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Fired For “Misconduct”

5 Sep

Have you ever been fired from a job for “misconduct”?

I quote the word because usually when someone loses a job for “misconduct” the very meaning of the word suddenly becomes subjective to opinion, as in employer vs. employee.

Gosh, there are so very many reasons one can be fired from a job, so many sticky situations. Think about it: most people do something “fire-able” at each and every job at some point.

For instance, do you “steal” office products? Those cute purple clicker ink pens you like so much? Paper? Make copies on their dime? Talk on the telephone for two hours a day (15 minutes here, 30 minutes there)? Do you “steal” away time during what should be your one-hour lunch break? File your nails? Snoop in confidential files?

I could keep going but I won’t. You get the picture.

Well, take a wince at this story…

A Wal-Mart greeter in St. Petersburg, FL was fired from her job after 22 years with the company. The reason? Well, there was a “scuffle” involving her and a customer who shoved her and the employee grabbed the customer’s sweater.

Now the employee, 73-year-old Jan Sullivan, not only lost her job but lost her home from being fired and quickly falling behind on her bills.  She’s not entitled to unemployment benefits because she was fired for–misconduct.


My thing is this…If you have an employee working for you for 22 years that should imply a great deal of good about that employee. I mean, she’s been dealing with customers–every Tom, Dick & Scary–for 22 years! Do you know how many personalities, nuances, idiosyncrasies that is?!

So when a willy-nilly customer comes in and physically messes with that 22-year employee, you should think twice about EVERYTHING. Especially terminating the aforementioned employee.

Wal-Mart has a sad history of treating employees like crapola. They do. All one has to do is Google Wal-Mart to read the gobs of stories about the company and the lawsuits against them. Sure, I know they’re a dynasty practically, very powerful, extremely cautious about lawsuits involving customers particularly, but 22 years?! 


I wish Ms. Jan Sullivan well. I do, I do. Imagine being 73 years old and having to be in this sharky job market starting over.


It Could Be Worse (Series): The Wonderful World of Waiting Tables

23 Apr

If you’ve read my book you know that I once waited tables. While free food and employee camaraderie was the only thing I enjoyed about it, being stiffed by poor tippers far too often was a reason I loathe to return to such an occupation, even now as I grovel for another cubicle stance.

The average tip/gratuity now is a standard 15% of the total amount of food one is served with waiters earning around $2.15 per hour sans tips. Since tipping is primarily suggested, of course there are huge swings in the amount that is often given. Online one can find horror stories of poor tippers, rude customers, etc. Sure, there have been the unlikely fairytale stories of huge tips (even waiters being left in longtime customers’ Last Will & Testaments) that pop up out of the rubbage but most of the wowza tipping stories that make headlines are just plain dogged.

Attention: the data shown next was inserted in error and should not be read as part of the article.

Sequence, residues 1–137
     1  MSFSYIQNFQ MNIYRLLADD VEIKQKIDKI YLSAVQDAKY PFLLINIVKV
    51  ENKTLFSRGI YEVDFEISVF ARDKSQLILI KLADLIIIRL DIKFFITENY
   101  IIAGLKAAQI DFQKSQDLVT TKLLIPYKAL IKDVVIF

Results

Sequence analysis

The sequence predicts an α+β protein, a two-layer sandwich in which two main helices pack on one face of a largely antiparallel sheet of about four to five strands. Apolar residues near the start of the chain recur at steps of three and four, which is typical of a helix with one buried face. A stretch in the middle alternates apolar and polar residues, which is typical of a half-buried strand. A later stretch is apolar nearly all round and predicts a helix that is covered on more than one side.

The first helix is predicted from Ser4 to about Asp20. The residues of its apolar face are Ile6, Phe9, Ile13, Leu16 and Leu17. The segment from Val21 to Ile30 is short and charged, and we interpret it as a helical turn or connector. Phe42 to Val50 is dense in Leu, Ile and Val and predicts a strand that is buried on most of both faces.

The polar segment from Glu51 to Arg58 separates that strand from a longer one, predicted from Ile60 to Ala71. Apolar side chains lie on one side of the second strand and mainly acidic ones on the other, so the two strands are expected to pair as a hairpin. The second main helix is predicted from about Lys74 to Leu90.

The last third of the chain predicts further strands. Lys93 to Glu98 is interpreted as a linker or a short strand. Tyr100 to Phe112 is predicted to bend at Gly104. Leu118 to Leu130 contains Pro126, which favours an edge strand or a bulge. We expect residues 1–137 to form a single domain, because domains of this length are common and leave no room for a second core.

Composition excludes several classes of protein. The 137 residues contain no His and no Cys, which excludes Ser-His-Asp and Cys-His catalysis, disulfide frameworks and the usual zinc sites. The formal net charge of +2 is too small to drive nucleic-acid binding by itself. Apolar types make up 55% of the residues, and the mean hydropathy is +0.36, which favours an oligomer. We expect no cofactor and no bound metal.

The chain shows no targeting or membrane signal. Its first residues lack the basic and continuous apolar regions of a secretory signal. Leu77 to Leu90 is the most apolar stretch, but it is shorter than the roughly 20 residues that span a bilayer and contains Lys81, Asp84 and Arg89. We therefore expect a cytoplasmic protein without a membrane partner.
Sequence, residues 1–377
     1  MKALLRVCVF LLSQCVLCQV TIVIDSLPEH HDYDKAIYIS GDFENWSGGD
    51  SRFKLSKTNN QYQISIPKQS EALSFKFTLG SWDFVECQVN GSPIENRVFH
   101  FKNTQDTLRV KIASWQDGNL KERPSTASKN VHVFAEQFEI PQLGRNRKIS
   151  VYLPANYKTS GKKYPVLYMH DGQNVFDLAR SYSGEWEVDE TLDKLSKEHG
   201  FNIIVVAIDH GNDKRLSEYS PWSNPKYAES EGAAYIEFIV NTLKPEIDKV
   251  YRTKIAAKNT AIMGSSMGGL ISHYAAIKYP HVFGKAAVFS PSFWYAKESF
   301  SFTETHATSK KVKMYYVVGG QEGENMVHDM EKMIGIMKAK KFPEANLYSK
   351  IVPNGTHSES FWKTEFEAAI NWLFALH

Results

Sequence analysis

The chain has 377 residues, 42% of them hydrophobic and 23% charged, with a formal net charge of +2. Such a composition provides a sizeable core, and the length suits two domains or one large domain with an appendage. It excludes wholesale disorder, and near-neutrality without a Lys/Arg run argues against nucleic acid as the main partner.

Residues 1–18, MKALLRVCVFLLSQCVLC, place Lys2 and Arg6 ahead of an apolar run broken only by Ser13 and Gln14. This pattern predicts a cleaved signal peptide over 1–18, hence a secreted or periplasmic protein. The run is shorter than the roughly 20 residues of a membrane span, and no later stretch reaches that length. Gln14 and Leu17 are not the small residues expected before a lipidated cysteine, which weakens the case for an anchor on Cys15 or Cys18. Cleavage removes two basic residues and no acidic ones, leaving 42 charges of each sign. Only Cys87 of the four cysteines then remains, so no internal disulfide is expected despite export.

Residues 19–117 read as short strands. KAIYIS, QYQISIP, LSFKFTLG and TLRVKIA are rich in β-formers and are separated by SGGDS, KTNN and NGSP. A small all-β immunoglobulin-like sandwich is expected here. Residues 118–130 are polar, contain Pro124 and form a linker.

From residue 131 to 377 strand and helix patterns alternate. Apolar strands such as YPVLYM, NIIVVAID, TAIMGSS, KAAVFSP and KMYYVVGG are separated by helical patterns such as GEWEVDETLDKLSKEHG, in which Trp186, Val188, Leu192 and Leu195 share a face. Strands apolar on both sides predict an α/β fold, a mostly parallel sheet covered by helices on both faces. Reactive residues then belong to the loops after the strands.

Like this one:

Mostly pennies left by a patron.

This kind of stuff happened to me all the time while in Baltimore waiting tables. You should’ve seen how wide my nostrils could flare.

Or this one:

Looks like a $10 tip, eh? Also looks as if they thoroughly enjoyed their meal. Is that a  mere trace of pasta I see left on the plate?

Well, that “$10” turned out to be THIS:

It’s what waiters/waitresses call “Fake Jesus Money” or “religious tips.” These are typically left on tables particularly on Sundays across America.

Seriously, what would Jesus do? 

I mean, technically it’s a tip, sure, but who in the dickens goes to work to receive written tips?!

Oy. Customers can be quite testy. It’s why I tend to avoid retail/restaurant work altogether.

Some other “tips” waiters have received after working a table and providing excellent customer service:

Pennies in water

A Wendy’s fast food restaurant gift card (with enough on it for a Frostie drink)

A Wal-Mart store gift card

Drawings on napkins


Here’s one that will make a waitress contemplate a career change for sure:

In case you can’t read it, it states:

“P.S.:  You could stand to loose [sic] a few pounds.”


A side note:

Results of a poll shows it pays to be blonde if you’re a waitress in France. According to the findings, tips are 25% bigger for blondes, compared to those left for brunettes. The finding comes from The University of Southern Brittany. But that only holds true for men who tip – women diners showed no preference for blonde waitresses.

Now don’t get me wrong, I truly realize the table waiting profession can be and is quite lucrative and satisfying and all that. I get it. Oh, I get it. But it’s the uncertainty of each day or night’s tally, particularly in an average restaurant, that makes me return to CubicleVille instead.

Customers can be the worst. At least in CubicleVille I only have the usual suspects to deal with; once I master them and their idiosyncrasies I’m coasting. Sort of. With public service jobs any ole random goofball can enter your job stance and wreak havoc on not only your head but your fluctuating finances.

For surely the customer ain’t always right…in the head.